CARES Act Stimulus Plan Update

The CARES Act passed the House earlier today and President Trump just signed it into law. Cokinos | Young is following these developments closely and has broken the CARES Act down into what you need to know. Please do not hesitate to reach out to our team with any questions you may have.

Small Business Administration (SBA) Loans:

  • Known as the “Paycheck Protection Program”
  • Companies with 500 or fewer employees, in business prior to Feb. 15, 2020
  • Pool of nearly $350 billion
  • Can receive loans up to $10 million
  • Loan amount based on amount business paid to employees from Jan. 1-Feb. 29, 2020
  • Maximum interest rate of 4%
  • Principal of loan forgiven if funds used for “approved purposes” and lender maintains average size of full-time workforce based on loan date
  • Forgiveness period only covers principal used to cover “approved purposes” expenses paid in first 8 weeks after loan date, though this may ultimately be extended
  • Terms may allow as much as 30 years to repay, but will vary from loan to loan
  • “Approved purposes” include payroll, rent, mortgage interest, and utility payments
  • Expedited loan origination process, possibly with loans signed and disbursed within 24 hours
  • Loans provided through banks, credit unions, and other lenders, guaranteed by SBA
  • Loan applications should be submitted through lenders partnered with SBA
  • Administered through SBA’s existing 7(a) loan program
  • Employers who opt for CARES Act payroll tax credit are not eligible for Paycheck Protection Program loans; CARES Act payroll tax credit is described below and is different from the FFCRA tax credit for paid sick leave/FMLA
  • Employers who have already laid off workers may still be eligible for Paycheck Protection Program loans, especially if loans are used to rehire laid-off workers and/or reopen business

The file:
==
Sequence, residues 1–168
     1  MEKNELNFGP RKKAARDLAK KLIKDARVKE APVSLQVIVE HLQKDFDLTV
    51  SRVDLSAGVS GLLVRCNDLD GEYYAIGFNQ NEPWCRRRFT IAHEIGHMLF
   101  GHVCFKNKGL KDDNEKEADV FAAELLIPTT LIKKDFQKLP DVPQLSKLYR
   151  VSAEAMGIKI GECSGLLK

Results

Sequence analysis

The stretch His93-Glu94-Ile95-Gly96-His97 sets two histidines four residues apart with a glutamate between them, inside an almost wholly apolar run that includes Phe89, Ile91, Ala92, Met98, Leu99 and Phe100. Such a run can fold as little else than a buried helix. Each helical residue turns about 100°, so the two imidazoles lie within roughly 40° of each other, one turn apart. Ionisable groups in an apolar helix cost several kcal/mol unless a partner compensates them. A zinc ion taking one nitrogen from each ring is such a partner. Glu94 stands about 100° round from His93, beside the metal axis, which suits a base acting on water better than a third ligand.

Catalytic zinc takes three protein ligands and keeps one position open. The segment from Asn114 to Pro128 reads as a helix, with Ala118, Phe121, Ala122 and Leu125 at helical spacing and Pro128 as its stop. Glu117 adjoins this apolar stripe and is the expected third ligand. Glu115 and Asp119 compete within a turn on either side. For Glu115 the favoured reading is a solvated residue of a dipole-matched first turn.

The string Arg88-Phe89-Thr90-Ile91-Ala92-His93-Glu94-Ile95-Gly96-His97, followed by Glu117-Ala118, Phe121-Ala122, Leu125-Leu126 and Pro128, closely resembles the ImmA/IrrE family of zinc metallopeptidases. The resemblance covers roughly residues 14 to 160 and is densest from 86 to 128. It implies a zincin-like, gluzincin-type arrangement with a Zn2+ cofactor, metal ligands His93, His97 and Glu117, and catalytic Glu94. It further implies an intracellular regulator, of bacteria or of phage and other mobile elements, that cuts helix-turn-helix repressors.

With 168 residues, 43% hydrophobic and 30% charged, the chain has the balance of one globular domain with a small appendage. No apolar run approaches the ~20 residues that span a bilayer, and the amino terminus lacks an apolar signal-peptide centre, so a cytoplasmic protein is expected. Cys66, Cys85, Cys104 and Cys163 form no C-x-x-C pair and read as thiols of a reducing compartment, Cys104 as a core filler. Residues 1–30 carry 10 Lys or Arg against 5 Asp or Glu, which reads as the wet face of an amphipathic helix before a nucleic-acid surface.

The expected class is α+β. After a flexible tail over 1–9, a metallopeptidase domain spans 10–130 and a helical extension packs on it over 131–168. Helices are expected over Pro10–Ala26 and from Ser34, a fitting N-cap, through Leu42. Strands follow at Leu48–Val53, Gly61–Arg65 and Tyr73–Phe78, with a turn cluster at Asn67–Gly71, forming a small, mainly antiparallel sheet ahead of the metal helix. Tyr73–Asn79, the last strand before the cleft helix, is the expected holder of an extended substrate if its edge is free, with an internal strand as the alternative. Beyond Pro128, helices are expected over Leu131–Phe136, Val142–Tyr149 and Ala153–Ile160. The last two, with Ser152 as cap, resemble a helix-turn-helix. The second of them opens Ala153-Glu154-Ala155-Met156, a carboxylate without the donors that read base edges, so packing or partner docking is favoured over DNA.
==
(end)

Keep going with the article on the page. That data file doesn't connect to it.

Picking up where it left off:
Other Relief for Small Businesses:

  • 50% refundable payroll tax credit on worker wages (intended to incentivize worker retention, also available to larger businesses); if you opt for tax credit, you are ineligible for Paycheck Protection Program SBA loan
  • Looser net operating loss-reduction rules that will allow businesses to offset more
  • Delay in employer-side payroll taxes for Social Security until 2021 and 2022
  • Sole proprietors and other self-employed workers may be eligible for expanded unemployment benefits under CARES Act

Department of Treasury Loans for Specific Industries:

  • Pool of $500 billion
  • Primarily geared toward mid-size and large employers (more than 500 employees)
  • Certain funds have been reserved for specific industries, while some industries are specifically barred from receiving funds
  • Oversight of loan program by an Inspector General and an Accountability Committee, rather than by Treasury Secretary Steven Mnuchin
  • Loan recipients may not cut workforce by more than 10% until Sept. 30, 2020
  • Loan recipients may not issue stock buy-backs, and are subject to certain restrictions on executive compensation above $425,000 annually
  • Loan recipients’ identities will be publicly disclosed, though it is unclear what additional information about them may be publicly disclosed
  • Most details will have to be finalized via regulations to issue later

Increased Unemployment Benefits:

  • Unemployed individuals entitled to additional $600/week for up to four months, on top of state-issued unemployment benefits
  • Controversial for fear that some individuals may receive more money through unemployment than they received as wages while working
  • Congress has indicated additional expansion of unemployment benefits may be needed, depending on length of COVID-19 economic downturn

Checks to Individuals:

  • U.S. residents with adjusted gross income up to $75,000 ($150,000 for married couples) receive a $1,200 ($2,400 for married couples) “rebate” payment
  • Eligible residents also receive an additional $500 per child
  • Payments phase out above these income thresholds
  • Single tax-filers earning more than $99,000 (joint-filers earning more than $198,000, head-of-household-filers with one child earning more than $146,500) do not receive resident “rebate”
  • Unclear whether those above income cap would still receive per-child payments

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